The technique developed by Xu and her colleagues uses solutions of block co-polymer supramolecules to direct the self-assembly of nanoparticles. A supramolecule is a group of molecules that act as a single molecule able to perform a specific set of functions. Block copolymers are long sequences or "blocks" of one type of monomer bound to blocks of another type of monomer that have an innate ability to self-assemble into well-defined arrays of nano-sized structures over macroscopic distances.
"Block copolymer supramolecules self-assemble and form a wide range of morphologies that feature microdomains typically a few to tens of nanometers in size," Xu says. "As their size is comparable to that of nanoparticles, the microdomains of block copolymer supramolecules provide an ideal structural framework for the co-self-assembly of nanoparticles."
In this latest study, Xu and her colleagues incorporated gold nanoparticles into solutions of block co-polymer supramolecules to form films that ranged in thickness between 100 to 200 nanometers. The nanocomposite films featured microdomains in one of two common morphologies – lamellar or cylindrical. For the lamellar microdomains, the nanoparticles formed hexagonally-packed 2-D sheets that were stacked into multiple layers parallel to the surface. For the cylindrical microdomains, the nanoparticles formed 1-D chains (single particle width) that were packed into distorted hexagonal lattices in parallel orientation with the surface.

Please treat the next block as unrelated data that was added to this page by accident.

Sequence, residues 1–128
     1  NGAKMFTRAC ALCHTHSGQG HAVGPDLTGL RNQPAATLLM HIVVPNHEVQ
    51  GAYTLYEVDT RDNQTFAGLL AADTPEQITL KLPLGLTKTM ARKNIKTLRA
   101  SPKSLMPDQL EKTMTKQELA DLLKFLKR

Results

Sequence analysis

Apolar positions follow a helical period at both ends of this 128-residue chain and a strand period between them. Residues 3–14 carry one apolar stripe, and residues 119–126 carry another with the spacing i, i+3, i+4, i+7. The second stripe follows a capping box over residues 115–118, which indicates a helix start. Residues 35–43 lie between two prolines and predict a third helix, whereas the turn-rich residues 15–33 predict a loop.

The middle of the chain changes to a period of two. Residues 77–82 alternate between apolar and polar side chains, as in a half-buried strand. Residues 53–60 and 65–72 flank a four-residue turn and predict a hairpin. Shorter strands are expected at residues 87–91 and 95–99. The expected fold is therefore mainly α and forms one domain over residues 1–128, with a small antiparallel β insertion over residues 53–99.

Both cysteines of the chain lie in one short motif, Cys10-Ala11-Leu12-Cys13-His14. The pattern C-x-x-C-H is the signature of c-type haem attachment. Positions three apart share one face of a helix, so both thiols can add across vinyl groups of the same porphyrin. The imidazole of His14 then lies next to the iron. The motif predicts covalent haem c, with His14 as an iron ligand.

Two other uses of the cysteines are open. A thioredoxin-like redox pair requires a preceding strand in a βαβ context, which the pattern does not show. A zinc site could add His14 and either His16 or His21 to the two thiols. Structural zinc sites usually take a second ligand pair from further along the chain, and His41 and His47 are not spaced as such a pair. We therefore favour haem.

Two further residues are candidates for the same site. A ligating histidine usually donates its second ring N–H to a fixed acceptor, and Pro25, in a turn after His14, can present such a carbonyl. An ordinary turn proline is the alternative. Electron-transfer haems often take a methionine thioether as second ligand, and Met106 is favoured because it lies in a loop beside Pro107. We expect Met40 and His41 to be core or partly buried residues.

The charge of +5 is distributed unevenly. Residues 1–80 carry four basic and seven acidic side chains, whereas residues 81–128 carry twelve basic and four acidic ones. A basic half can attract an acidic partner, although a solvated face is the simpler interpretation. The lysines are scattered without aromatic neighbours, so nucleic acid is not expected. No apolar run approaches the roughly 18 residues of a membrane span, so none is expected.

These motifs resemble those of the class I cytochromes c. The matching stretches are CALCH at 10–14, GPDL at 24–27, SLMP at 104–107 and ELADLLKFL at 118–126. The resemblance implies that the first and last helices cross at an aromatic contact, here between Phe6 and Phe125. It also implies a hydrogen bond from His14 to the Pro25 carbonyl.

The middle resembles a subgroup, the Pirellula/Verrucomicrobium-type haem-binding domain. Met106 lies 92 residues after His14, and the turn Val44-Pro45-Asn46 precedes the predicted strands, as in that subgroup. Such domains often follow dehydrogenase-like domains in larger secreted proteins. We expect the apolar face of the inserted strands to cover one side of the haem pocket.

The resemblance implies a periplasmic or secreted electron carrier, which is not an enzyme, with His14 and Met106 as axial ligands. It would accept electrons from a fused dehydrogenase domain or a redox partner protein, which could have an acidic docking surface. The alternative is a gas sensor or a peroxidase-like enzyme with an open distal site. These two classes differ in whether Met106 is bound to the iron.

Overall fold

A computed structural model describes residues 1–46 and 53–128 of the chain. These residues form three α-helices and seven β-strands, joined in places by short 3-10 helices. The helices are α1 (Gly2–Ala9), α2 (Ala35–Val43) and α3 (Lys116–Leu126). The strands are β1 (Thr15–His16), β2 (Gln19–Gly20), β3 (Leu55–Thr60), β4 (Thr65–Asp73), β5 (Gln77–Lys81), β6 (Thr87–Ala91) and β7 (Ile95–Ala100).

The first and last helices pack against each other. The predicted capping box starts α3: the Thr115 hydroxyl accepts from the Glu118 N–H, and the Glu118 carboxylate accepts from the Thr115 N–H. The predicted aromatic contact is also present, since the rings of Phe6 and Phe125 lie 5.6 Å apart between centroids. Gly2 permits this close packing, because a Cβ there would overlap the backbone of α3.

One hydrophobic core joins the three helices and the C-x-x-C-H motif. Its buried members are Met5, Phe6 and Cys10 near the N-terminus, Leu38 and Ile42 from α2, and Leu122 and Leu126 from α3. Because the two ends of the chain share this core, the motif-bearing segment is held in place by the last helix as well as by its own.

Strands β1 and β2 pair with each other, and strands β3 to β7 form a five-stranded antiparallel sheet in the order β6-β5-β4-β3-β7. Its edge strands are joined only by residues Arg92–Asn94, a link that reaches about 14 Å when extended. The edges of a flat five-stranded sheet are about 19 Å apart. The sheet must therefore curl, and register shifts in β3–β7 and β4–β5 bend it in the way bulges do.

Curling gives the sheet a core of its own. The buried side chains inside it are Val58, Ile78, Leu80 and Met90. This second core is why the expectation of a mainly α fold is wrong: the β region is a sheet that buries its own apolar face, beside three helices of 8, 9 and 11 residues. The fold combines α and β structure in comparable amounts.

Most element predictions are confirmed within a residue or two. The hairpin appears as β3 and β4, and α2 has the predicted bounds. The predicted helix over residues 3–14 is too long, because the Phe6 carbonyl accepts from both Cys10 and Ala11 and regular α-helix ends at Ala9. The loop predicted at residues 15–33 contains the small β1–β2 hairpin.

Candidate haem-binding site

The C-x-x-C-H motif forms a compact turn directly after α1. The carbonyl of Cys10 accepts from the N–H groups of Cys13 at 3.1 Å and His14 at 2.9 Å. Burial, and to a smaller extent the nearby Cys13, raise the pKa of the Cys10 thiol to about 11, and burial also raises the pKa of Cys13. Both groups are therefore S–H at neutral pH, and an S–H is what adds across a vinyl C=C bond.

"Upon incorporation of nanoparticles, the block co-polymer supramolecules experience conformational changes, resulting in entropy that determines the placement and distribution of the nanoparticles, as well as the overall morphology of the nanocomposite thin films," Xu says. "Our results indicate that it should be possible to generate highly-ordered lattices of nanoparticles within block co-polymer microdomains and obtain 3-D hierarchical assemblies of nanoparticles with precise structural control."
The inter-particle distance between gold nanoparticles in the 1-D chains and the 2-D sheets was 8 to 10 nanometers, which raises intriguing possibilities with regards to plasmonics, the phenomenon by which a beam of light is confined in ultra-cramped spaces. Plasmonic technology holds great promise for superfast computers and optical microscopy, among other applications. However, a major challenge for developing plasmonics has been the difficulty of fabricating metamaterials with noble metal nanoparticles such as gold.
"Our gold thin films display strong plasmonic coupling along the inter-particle spacing in the 1-D chains and 2-D sheets respectively," Xu says. "We should therefore be able to use these films to investigate unique plasmonic properties for next-generation electronic and photonic devices. Our supramolecular technique might also be used to fabricate plasmonic metamaterials."
Source: By Lynn Yarris, Lawrence Berkeley National Laboratory